There are good reasons not to eat apricots and hazelnuts from Turkey (after Chernobyl). Japan’s reactor is much worse. Brace for future horrors says expert Dr. Helen Caldicott.
Although several months have passed since the devastating earthquake and tsunami occurred in Japan, the resulting nuclear power plant crisis, and the effect on the world environment is still far from over. The health risks caused by the meltdown of nuclear fuel rods in at least three reactors actually melting down will be felt for hundreds of years to come.
The Fukushima nuclear plant disaster has been a clarion call for anti-nuclear activists from all over the world. One of these activists Dr. Helen Caldicott, is not prepared to be quiet as to the impact that this latest nuclear plant disaster will have on the world environment.
Dr. Caldicott, a pediatric physician by profession and Australian by nationality, has been involved for the past 33 years in trying to make people aware of the dangers of nuclear energy.
Dr Caldicott has been awarded 20 honorary doctoral degrees and was nominated for the Nobel Peace Prize by Nobel Laureate Linus Pauling. She was awarded the Lannan Foundation Prize for Cultural Freedom in 2003, and in 2006, the Peace Organisation of Australia presented her with the inaugural Australian Peace Prize “for her longstanding commitment to raising awareness about the medical and environmental hazards of the nuclear age”. The Smithsonian Institution has named her as “one of the most outstanding women of the 20th Century”.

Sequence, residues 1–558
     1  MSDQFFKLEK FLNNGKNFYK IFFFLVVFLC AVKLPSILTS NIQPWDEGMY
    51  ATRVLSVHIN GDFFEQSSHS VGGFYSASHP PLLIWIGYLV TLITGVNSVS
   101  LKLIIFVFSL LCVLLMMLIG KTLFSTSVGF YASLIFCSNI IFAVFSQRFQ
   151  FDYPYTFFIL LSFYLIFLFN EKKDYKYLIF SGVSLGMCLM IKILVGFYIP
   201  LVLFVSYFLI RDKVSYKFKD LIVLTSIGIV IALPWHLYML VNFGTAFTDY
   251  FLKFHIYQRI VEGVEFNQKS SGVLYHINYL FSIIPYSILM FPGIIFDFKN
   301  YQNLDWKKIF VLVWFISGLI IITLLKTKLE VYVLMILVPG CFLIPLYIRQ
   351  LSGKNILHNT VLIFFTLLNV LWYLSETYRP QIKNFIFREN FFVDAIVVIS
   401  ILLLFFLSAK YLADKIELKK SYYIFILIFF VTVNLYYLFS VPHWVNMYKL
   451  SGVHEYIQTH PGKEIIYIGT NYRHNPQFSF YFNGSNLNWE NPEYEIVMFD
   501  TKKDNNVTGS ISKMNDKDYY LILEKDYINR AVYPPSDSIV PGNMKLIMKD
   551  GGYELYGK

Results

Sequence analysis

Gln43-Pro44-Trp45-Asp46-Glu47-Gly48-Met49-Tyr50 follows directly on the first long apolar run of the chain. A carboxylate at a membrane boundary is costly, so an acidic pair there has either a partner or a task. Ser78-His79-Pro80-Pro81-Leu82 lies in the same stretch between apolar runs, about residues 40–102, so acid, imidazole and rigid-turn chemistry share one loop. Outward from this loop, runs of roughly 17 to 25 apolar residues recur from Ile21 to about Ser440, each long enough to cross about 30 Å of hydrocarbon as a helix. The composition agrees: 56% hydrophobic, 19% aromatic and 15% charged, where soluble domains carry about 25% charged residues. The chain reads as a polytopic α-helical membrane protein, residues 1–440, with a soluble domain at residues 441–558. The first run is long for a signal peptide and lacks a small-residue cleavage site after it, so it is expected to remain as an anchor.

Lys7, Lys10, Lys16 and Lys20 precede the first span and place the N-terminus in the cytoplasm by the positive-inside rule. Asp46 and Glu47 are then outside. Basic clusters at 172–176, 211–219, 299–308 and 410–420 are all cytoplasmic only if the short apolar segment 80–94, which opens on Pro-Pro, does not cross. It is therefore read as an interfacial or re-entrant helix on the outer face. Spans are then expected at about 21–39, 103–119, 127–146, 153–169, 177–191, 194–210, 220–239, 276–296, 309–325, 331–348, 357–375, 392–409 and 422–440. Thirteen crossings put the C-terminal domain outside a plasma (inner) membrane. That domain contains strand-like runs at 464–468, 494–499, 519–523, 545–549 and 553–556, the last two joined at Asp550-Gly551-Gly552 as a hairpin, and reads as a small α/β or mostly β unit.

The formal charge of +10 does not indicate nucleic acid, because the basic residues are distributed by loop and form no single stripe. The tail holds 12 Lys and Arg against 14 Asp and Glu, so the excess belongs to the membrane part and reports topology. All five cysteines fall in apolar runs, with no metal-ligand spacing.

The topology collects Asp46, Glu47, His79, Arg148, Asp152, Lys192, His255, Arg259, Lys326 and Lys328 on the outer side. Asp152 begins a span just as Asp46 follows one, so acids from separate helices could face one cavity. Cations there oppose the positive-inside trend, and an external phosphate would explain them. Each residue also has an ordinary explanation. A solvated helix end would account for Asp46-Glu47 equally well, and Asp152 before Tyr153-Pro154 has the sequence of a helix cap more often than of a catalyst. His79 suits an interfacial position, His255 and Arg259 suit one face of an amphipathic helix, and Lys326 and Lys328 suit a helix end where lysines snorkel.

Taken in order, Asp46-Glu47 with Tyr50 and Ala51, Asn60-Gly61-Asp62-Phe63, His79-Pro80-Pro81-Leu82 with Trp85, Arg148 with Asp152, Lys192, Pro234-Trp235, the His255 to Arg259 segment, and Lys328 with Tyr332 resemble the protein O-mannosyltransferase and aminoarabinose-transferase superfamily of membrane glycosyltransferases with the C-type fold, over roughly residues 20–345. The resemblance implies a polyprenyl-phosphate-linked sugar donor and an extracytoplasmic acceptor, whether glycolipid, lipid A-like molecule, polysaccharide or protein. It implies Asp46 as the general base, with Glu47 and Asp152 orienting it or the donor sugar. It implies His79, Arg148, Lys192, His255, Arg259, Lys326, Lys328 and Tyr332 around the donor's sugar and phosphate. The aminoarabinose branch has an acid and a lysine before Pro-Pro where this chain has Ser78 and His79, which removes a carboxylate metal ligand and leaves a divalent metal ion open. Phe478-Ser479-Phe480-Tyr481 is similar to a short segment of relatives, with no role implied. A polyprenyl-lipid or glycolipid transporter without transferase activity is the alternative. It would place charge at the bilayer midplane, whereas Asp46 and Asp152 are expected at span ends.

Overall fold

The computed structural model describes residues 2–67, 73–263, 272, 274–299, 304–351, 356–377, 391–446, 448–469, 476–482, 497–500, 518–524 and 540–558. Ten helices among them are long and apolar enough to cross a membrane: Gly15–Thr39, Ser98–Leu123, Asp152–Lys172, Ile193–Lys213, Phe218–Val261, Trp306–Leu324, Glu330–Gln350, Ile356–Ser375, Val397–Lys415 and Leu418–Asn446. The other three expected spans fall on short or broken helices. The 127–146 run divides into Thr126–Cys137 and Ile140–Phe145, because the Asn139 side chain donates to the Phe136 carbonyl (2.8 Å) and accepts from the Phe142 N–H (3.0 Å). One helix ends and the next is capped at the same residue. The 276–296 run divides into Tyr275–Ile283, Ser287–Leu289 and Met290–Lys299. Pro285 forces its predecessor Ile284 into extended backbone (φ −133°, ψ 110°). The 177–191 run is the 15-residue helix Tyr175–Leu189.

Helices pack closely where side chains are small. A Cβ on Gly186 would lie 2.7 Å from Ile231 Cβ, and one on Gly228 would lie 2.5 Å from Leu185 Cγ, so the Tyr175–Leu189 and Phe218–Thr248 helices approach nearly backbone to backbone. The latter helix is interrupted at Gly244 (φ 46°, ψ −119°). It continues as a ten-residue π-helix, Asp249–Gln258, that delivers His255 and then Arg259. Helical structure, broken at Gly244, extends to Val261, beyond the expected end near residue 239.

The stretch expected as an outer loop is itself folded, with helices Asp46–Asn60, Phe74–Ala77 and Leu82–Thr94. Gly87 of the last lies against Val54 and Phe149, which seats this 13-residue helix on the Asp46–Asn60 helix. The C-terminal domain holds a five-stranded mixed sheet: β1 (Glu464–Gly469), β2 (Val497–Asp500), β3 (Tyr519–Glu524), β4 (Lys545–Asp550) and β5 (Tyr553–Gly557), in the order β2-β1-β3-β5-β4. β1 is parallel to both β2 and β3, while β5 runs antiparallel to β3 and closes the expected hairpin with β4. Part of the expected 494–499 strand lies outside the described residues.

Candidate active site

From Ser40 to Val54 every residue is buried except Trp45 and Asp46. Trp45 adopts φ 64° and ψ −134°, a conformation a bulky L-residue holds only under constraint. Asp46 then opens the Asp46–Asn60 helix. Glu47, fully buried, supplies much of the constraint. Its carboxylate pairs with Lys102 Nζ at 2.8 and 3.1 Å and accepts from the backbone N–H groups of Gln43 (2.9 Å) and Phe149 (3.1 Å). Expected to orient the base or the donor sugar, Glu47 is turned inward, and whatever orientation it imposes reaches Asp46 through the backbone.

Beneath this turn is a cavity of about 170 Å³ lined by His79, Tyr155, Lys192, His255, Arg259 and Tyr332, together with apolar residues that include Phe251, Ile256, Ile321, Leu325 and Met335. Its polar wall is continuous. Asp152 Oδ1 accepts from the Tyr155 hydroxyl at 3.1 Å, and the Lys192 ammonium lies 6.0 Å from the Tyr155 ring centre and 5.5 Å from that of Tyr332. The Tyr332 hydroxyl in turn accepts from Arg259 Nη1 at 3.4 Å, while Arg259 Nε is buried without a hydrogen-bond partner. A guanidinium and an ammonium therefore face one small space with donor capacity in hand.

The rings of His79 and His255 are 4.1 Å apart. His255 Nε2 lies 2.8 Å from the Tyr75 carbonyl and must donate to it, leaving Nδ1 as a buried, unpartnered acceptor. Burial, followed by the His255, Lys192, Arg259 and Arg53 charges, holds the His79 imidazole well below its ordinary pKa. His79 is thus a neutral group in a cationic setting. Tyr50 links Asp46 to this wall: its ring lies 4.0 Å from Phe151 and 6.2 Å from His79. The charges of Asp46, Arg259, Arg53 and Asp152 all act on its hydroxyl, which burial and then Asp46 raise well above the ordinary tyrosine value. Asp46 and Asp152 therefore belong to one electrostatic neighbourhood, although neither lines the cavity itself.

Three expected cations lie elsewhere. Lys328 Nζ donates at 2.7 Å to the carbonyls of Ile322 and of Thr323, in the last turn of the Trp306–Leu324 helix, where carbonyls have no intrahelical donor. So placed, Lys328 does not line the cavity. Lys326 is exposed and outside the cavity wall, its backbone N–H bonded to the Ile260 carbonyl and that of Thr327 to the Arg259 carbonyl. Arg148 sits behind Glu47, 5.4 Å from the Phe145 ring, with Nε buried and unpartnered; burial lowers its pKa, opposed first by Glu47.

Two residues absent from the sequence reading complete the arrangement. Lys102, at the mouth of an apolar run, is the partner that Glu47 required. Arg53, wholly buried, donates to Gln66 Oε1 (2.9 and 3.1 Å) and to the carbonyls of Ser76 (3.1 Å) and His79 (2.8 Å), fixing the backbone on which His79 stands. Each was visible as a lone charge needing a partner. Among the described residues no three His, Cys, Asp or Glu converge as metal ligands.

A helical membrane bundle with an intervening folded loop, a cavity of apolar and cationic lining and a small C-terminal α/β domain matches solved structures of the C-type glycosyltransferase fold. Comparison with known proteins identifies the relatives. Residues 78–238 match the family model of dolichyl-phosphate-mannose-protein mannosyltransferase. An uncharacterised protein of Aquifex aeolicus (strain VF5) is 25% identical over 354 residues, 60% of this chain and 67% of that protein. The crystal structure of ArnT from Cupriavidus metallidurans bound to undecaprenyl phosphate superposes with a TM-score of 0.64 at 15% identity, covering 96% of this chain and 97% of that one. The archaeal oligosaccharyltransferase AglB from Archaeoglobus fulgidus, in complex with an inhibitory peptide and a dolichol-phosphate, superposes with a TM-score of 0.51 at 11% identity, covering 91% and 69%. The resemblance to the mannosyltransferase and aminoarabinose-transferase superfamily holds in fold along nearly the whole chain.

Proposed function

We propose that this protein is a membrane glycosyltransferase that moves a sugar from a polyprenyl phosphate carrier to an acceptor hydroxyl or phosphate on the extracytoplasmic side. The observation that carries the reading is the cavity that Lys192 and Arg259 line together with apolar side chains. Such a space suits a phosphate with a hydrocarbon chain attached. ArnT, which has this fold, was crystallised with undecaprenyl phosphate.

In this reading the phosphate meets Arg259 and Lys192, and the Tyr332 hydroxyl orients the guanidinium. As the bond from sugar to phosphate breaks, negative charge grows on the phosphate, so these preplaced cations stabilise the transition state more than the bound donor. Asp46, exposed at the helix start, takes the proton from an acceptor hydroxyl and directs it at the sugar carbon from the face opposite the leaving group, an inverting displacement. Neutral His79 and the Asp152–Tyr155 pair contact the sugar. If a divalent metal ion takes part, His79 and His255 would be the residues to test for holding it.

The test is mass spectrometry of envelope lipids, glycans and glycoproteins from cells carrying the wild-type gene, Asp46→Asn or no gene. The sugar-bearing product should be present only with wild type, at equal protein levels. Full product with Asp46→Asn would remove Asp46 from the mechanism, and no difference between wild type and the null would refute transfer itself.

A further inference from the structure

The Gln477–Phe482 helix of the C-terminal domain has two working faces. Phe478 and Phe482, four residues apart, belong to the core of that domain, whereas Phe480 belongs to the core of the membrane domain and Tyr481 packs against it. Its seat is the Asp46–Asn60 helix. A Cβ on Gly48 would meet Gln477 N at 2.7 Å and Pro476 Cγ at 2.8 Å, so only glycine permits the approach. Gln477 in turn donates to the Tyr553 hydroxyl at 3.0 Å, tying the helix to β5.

Following the Fukushima plant disaster, Dr. Caldicott was interviewed in order to get her thoughts on the environmental affects of the meltdown of the three Fukushima reactors. Her thoughts are expressed in the following video :
What Dr. Caldicott is trying to impress upon us is that the effects of the radiation “leakage” from this disaster are ones that will not go away in a matter of months, or even years. Some forms of radiation, she says, will last for hundreds of years and will continue to cause various forms of cancer, birth defects, and other health problems for generations to come.
She compared Fukushima to the Ukraine Chernobyl nuclear accident of 1986 from which she said more than 20,000 people, many of them children, contracted thyroid cancer. She also says that 25 years later “40% of Europe is still radioactive”. A lot of the radiation expelled from Chernobyl came down in countries like Turkey, and as a result she believes that people should not eat food products like dried fruits and nuts that originate from Turkey.
Dr. Caldicott also told her listeners not to eat many foods grown in parts of Europe as well.
For those of us living in the Middle East, nuclear programs in both Israel and Iran should be a concern in regards to future nuclear “accidents”. And for countries like Jordan which is now soliciting tenders to build its first nuclear power plant, it might be wise to reconsider this type of energy option.
Read more on Fukushima and other nuclear plant issues:
Japan’s Nuclear “Dead Zone” Dogs and Cats
“Worst Case Scenario” Realized as Three Fukushima Reactors Melt Down
Japan Nuclear Meltdown Will Seriously Affect World Environment